Regulation of Australia’s airports could deliver benefits of AU$18 billion
A4ANZ believes that a fit-for-purpose regulatory framework within the Australian airport industry would unlock significant benefits.
Australian passengers and the economy are paying the price of a failed regulatory system that is powerless to curtail the monopoly power of airports, according to a submission made by Airlines for Australia and New Zealand (A4ANZ), to the Productivity Commission’s Inquiry into the Economic Regulation of Airports.
A4ANZ’s submission included analysis from Frontier Economics which found that the implementation of a fit-for-purpose regulatory framework for airports would unlock significant benefits to the Australian economy, including:
- Consumer surplus of approximately AU$5.9 billion
- Travel time savings valued at AU$819 million, created by connectivity improvements
- GDP benefits of AU$10.9 billion, due to productivity gains through increases to trade and foreign investment
- Creation of 7000 jobs
- Tourism benefits of AU$480 million.
Commenting on the submission, A4ANZ Chairman, Professor Graeme Samuel AC, said: “The price monitoring regime is failing to facilitate commercial negotiations between airports and their customers. This should not come as a surprise to anyone, as monopolists will overcharge unless faced with a credible threat of regulation. A4ANZ’s position on this is supported by all the expert advice we received – legal, economic, and regulatory – that the current system is not sustainable. It lacks a credible threat.”
The Productivity Commission Inquiry comes following the Australian Competition and Consumer Commission’s (ACCC) Monitoring Report earlier this year, in which Chairman Rod Sims yet again expressed concern about the lack of constraint on the airports’ market power. He said: “It is not surprising that the airports are so profitable, given that they face little competitive pressure and no price regulation.”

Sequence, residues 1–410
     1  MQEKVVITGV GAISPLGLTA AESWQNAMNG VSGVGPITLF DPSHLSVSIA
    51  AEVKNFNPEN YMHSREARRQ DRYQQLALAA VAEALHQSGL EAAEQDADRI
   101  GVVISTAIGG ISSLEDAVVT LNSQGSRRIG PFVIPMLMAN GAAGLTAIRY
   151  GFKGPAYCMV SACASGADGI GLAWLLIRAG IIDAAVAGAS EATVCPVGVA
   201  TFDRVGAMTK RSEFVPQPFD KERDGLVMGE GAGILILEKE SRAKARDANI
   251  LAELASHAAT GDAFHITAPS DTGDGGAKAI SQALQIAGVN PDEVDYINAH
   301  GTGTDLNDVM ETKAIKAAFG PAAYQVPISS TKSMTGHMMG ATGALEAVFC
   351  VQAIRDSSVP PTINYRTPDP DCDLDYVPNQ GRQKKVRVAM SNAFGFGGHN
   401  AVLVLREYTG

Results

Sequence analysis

A4ANZ’s own report on the Performance and Impact of Australia’s Airports, released in May 2018, which showed that Australian airports have been able to become some of the most profitable in the world, with earnings well above what have been required to make the necessary investments to accommodate passenger growth.
A4ANZ’s CEO Dr Alison Roberts said: “Claims that innovation and investment will suffer under a regime that supports genuine, commercial negotiations – just like in any other sector – need to be questioned.Australian airports are currently able to use their monopoly position to charge prices that generate excess returns, but this is not delivering improvements in quality or efficiency. We know that the Productivity Commission will be hearing this same story from not only A4ANZ and its member airlines, but a range of other airport users and experts.”
Dr Roberts said: “Something has to change if consumers are to be shielded from the impact of what is ahead. While airlines have been able to keep downward pressure on airfares over the past decade, globally, fares are expected to rise next year, driven by rising oil prices, pilot shortages, costs for mandated upgrades to security and technology, not to mention the pipeline of infrastructure investment. It’s time for the airports to be part of a genuinely collaborative approach.”
Professor Samuel added: “A4ANZ is not advocating for heavy-handed regulation. But the current regime is clearly not fit-for-purpose, neither through its coverage of airports nor through practical access to remedies when a breakdown in negotiations occurs. A pathway to ACCC intervention as an arbitrator would create a credible regulatory threat. Coupled with information disclosure and consultation requirements, this would encourage good-faith negotiations. It would not, as claimed, create instability in the sector, but instead unlock a wide range of benefits for the Australian economy.”
A4ANZ will now meet with the Productivity Commission, Government, and stakeholders, to share their proposed way forward and their commitment to building, maintaining and improving positive, constructive commercial relationships with airports; with a view to seeing airports, airlines and the whole aviation sector prosper.